Peppermint oil is pleasant, versatile and popular. It has many uses for physical and mental ailments and is a key addition to any essential oil kit. It is both invigorating and calming, which makes it ideal for a variety of needs.
The peppermint plant itself is a fusion of spearmint and water mint. To obtain the essential oil from the plant, it is heated under pressure in a sealed tub. This vaporizes the oil. The vapors are cooled and condensed. Then, they flow into a separator, where the oil is divided from the water.
Peppermint oil is used as flavoring in the candy, gum and toothpaste industries. The main ingredients in the oil are menthol and menthone.
This oil makes your skin feel cool when it is applied topically. It calms digestive distress. It even has antimicrobial properties, which is why peppermint is often used in toothpaste and mouthwash. Peppermint oil has also been found to demonstrate antioxidant activity.
History of Peppermint Oil
The history of peppermint is long. The name comes from Greek mythology. Although there are several accounts of the tale, in the most well-known version, Hades loved a nymph named Minthe. His jealous wife, Persephone, transformed Minthe into a plant that would constantly be underfoot. The livid Hades made the plant have a fragrant, minty aroma so that everyone would remember Minthe as they walked on the herb.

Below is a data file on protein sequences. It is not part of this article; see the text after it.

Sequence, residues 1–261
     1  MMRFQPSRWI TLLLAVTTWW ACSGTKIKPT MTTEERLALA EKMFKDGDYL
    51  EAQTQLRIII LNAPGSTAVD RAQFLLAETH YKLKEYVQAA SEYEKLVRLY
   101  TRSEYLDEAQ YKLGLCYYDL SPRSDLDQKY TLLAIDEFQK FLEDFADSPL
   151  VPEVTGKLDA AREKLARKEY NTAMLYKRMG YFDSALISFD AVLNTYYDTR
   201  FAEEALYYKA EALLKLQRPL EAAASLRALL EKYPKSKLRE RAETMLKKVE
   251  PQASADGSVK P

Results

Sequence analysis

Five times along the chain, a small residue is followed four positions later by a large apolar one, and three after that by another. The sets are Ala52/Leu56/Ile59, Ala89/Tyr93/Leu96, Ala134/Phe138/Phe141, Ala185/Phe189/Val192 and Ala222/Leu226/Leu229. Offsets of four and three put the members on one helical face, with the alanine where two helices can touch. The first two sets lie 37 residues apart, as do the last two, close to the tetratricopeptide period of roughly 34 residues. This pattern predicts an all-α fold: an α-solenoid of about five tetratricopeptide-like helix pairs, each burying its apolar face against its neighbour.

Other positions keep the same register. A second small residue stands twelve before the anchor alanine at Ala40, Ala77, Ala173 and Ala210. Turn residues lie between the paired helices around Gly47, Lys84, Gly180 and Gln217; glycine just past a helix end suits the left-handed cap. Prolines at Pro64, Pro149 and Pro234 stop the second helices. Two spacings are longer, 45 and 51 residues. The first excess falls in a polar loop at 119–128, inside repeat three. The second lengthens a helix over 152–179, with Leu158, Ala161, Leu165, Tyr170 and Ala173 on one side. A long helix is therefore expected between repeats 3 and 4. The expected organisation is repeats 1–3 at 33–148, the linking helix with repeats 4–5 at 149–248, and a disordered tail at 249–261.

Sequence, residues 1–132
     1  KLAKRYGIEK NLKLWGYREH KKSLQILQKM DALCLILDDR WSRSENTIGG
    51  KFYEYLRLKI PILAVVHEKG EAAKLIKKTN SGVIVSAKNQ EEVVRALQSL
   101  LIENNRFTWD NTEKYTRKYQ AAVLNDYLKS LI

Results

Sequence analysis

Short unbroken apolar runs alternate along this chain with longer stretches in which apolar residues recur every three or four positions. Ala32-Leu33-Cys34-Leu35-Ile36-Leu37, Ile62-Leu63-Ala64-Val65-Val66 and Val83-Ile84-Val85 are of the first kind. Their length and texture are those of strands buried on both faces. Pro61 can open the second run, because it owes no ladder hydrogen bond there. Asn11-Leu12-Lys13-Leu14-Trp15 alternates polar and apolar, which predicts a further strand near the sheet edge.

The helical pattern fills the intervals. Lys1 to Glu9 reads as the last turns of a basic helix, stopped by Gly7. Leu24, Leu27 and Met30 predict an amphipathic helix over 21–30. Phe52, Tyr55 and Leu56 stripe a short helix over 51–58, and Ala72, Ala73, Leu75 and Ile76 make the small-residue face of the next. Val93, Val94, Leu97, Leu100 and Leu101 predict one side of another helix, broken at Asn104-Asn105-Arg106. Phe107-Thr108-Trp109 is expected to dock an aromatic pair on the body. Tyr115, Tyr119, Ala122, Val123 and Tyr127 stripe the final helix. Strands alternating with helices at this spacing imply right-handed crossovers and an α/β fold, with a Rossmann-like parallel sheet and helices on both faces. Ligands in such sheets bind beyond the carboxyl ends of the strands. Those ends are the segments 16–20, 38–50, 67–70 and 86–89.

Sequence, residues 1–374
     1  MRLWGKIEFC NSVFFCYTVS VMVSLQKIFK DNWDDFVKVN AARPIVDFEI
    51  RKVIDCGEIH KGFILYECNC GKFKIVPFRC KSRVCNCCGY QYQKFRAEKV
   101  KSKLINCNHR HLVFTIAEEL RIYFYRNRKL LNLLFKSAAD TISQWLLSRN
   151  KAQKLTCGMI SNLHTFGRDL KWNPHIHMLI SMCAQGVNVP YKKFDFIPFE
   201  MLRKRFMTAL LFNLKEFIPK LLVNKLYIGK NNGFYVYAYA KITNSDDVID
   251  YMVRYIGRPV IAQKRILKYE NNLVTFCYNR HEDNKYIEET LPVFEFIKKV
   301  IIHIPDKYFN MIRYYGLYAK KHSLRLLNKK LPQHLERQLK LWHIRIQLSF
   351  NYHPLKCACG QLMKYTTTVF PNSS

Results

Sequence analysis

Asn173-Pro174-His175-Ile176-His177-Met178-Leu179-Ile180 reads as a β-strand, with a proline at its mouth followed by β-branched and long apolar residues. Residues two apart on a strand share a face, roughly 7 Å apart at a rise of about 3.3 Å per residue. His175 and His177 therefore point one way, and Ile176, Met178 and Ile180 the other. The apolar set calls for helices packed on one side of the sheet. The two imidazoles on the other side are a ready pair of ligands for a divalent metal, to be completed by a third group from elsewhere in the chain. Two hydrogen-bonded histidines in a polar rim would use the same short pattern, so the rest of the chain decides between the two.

Dried peppermint has been found in Egyptian crypts dating back to 1,000 B.C. It was also used by the Romans to help improve digestion. The plant was also popular as a ground cover because of the aroma that it released when it was walked on.
In the U.S., peppermint was first grown in Massachusetts in 1790. Steam distillation began in 1846 to release the oils without boiling the plant. This enhanced the oil’s quality and boosted production.
The mint industry was an important part of American history. Peppermint-flavored Colgate toothpaste was introduced in 1877. In the late 1800s, peppermint was planted throughout Michigan and Indiana to make use of otherwise useless land. Wrigley chewing gum was introduced in the early 1900s. The U.S. claims 75 percent of the global peppermint oil production today.
Uses of Peppermint Oil